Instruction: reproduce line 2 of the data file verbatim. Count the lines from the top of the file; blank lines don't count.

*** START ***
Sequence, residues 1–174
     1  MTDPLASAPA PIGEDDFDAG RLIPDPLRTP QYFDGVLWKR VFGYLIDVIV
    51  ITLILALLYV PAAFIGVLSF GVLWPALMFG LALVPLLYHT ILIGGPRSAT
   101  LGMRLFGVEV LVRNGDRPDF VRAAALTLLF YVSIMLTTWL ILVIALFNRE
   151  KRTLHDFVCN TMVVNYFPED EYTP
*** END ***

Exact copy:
     1  MTDPLASAPA PIGEDDFDAG RLIPDPLRTP QYFDGVLWKR VFGYLIDVIV